MacDuffie: Some time around then, some friends came to visit, and you decided to start your own firm. Tell us about that.
Power: A Wharton classmate came into town from Rochester, N.Y., with two other young fellows. All three of them had their MBAs and were going out to start a new company. This was very early in 1968. They said that they had quit their jobs, and they all had good jobs: General Electric, Kodak and Xerox. I said, “What are you doing?” My classmate said, “We are going to measure the meters at homes via satellite.” In 1968, we only had one or two satellites up there then. I said, “That’s crazy.” They said, “Well, if we don’t make it, we will get another job.” I thought about it, and I went home and talked to my wife. She said, “You should start your own company.” So that’s how we did it.
MacDuffie: Your wife was an important partner in the business from the start.
Power: Right. We had child labor. They never let me down.
MacDuffie: It is a wonderful image from the book. As the surveys were being sent out to the consumers, your four kids are carefully taping the shiny quarter on each one for that extra bit of incentive to get a response.
Power: Face up.
MacDuffie: Face up. The head had to be square, I’m sure.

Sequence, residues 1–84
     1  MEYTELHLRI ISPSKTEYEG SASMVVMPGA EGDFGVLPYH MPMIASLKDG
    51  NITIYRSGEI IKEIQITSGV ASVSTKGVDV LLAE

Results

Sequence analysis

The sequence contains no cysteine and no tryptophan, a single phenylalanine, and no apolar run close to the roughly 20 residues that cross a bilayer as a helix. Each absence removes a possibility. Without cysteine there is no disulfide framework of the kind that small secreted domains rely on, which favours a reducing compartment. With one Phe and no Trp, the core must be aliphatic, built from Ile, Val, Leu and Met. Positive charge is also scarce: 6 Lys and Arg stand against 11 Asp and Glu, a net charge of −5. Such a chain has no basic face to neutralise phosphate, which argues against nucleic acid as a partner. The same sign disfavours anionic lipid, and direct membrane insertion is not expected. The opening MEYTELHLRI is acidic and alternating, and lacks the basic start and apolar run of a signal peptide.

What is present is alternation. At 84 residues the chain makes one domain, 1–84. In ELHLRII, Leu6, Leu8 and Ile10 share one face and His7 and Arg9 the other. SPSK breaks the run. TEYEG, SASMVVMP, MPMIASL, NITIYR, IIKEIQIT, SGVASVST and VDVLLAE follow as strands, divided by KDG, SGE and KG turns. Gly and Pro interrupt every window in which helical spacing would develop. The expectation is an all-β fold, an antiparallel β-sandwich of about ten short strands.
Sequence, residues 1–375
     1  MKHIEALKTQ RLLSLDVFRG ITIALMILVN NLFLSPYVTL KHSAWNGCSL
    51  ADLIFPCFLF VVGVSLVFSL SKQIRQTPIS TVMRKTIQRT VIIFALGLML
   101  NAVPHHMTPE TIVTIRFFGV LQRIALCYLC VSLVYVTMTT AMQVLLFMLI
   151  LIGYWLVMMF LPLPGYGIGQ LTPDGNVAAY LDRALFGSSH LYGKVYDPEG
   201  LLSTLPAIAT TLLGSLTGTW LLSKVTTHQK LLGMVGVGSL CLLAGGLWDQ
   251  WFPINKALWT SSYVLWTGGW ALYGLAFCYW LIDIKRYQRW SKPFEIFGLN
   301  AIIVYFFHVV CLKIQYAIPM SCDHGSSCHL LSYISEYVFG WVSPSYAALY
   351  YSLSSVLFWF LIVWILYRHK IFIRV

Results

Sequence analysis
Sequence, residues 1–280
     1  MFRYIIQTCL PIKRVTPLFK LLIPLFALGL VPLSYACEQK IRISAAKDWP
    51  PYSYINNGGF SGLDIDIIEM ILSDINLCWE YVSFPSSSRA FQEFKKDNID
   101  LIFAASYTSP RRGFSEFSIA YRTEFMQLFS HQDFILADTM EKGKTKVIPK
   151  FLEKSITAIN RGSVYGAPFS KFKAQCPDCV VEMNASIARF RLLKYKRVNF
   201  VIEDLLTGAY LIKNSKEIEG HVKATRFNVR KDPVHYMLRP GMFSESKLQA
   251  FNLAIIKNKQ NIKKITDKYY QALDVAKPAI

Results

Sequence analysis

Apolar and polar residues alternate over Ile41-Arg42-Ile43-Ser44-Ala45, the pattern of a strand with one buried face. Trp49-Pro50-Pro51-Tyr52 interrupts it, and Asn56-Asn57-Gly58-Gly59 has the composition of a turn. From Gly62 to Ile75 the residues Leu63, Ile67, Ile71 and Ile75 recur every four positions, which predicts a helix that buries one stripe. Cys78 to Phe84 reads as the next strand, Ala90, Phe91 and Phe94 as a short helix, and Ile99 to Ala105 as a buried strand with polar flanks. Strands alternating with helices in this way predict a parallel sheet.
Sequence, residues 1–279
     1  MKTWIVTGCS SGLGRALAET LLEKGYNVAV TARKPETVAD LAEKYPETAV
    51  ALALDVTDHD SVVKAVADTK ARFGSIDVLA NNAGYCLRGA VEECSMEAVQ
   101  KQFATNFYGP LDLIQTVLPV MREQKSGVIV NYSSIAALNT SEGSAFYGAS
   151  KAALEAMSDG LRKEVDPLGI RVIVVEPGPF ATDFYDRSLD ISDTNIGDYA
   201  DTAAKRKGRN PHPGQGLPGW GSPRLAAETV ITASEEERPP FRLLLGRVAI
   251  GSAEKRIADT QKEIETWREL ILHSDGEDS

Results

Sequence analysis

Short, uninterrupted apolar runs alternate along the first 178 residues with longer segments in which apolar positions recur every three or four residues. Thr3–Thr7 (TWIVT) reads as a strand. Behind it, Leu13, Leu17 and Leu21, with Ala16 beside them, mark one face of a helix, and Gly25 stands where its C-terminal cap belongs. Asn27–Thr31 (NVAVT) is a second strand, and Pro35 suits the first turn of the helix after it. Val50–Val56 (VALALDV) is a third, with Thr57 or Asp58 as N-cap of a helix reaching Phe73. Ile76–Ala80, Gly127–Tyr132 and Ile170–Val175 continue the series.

Power: Yes. We got perhaps the first double-sided Scotch tape, which was important, too.
MacDuffie: Exactly. It sped up the process.
Power: It did.
MacDuffie: You, of course, started with direct mail surveys…. I heard you say something about the response rate you got — something that would amaze most market researchers these days.
Power: The first few surveys that we did got close to a 50% response rate. It ran 30% to 50% consistently because people wanted to talk about their cars.
MacDuffie: Some of them sent back handwritten notes and copies of invoices with circles on them. They were so revved up about it.
Power: We collected those. About 10% of them included something like that — even photographs of the paint fading or the trunk lid leaking. We would send them on to the manufacturer, as we told [consumers] in our cover letter that we would do. We lost sight of what the manufacturers did with them. Some of them received more than others.
MacDuffie: Had you already resolved to publicly disclose the data on all the manufacturers from the surveys?
Power: No, not at that time. It was supposed to be confidential. But when we did the Mazda rotary engine survey, we found a problem with it…. The O-ring was failing once it hit 30,000 miles. The O-ring kept the cooling system from leaking out or leaking into the engine. It just started failing. They would have to take the whole engine out of the car to replace it.
MacDuffie: This was the Wankel engine, which was greeted as quite an innovation, and it also improved gas mileage.
Power: One of the car companies that subscribed to the survey results released it to The Wall Street Journal.
MacDuffie: Not you.
MacDuffie: A competitor basically.